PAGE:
2. According to the Centre for Legal Transformation (Lawtrend), the Department of Humanitarian Affairs does not provide full information on the regulation on foreign donations. The official state run media agency BelTA and a number of other news resources nevertheless has reported that a special meeting dedicated to receiving and use of foreign donations with the President of Belarus has taken place. According to the reports in the press, new regulations may further complicate receiving foreign aid by limiting the purposes for which it may be used to social issues only and direct help for vulnerable groups. Following these developments, Lawtrend prepared an appeal to the Department, asking for clarifications. 57 non-profit organizations have joined the appeal.
  3. In 2020, the House of Representatives will review in the second reading the Draft Bill on Amending the Law of the Republic of Belarus On Measures to Prevent Legalization of Criminal Proceeds, Terrorist Financing and of Financing the Proliferation of Weapons of Mass Destruction. The draft law allows the Ministry of Justice to determine the substance and procedure for public associations’ and foundations’ reports on their activities, as well as other information necessary to take measures to prevent the financing of terrorist activities and financing of the proliferation of weapons of mass destruction. This legislative work is part of Belarus’s commitments under Financial Action Task Force (FATF) requirements.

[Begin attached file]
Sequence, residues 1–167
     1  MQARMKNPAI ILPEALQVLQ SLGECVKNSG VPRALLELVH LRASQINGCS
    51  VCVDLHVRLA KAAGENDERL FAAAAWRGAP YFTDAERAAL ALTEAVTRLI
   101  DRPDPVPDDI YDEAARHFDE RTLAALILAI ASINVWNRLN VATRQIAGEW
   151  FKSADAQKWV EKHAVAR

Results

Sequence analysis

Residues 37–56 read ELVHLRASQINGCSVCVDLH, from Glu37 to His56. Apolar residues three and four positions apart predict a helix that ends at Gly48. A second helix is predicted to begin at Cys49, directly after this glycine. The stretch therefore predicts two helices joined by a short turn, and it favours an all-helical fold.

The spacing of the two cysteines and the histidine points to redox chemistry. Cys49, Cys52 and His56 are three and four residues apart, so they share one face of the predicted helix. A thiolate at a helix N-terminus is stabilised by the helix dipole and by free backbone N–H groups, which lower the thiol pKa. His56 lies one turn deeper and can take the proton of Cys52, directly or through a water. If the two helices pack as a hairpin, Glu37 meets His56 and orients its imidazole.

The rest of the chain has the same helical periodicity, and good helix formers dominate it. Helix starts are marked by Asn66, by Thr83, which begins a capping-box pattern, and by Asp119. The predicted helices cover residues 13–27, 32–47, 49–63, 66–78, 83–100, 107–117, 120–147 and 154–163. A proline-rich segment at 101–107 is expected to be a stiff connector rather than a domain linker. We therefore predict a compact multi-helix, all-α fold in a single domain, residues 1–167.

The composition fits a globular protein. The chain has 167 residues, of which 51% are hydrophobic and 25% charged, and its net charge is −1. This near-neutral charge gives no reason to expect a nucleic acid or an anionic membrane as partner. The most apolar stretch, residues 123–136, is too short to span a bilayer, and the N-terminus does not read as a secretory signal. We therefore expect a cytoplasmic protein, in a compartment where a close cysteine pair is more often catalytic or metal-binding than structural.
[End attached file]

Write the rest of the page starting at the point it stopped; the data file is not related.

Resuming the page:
4. According to the Cabinet of Ministers’ legislative plan, there will be a new Draft Law on Voluntary Activities developed in 2020. Currently, there is no law on volunteers in Belarus and only some regulations related to foreign nationals volunteering in Belarus.

Organizational Forms

The development of Belarusian legislation in the sphere of freedom of association has been significantly influenced by European continental law. The Civil Code lists a number of organizational and legal forms for NPOs, as listed below. They can be divided into two categories: “membership-based associations” and “property-based associations.”

  • Public and religious organizations (associations)are voluntary, membership-based associations of citizens uniting on the basis of their common interests to fulfill their spiritual and other non-material needs in accordance with the legislation. [Belarusian law provides for the establishment of the following types of public organizations: political parties, trade unions, and public associations.]
  • National state-public associationsare membership-based NPOs, their purpose being to implement tasks of state significance.
  • Associations of legal entities (coalitions and unions)are membership-based NPOs founded under an agreement by and between commercial organizations and/or individual entrepreneurs to coordinate their business activities, as well as to represent and protect common property interests or to unite NPOs or commercial and non-commercial organizations.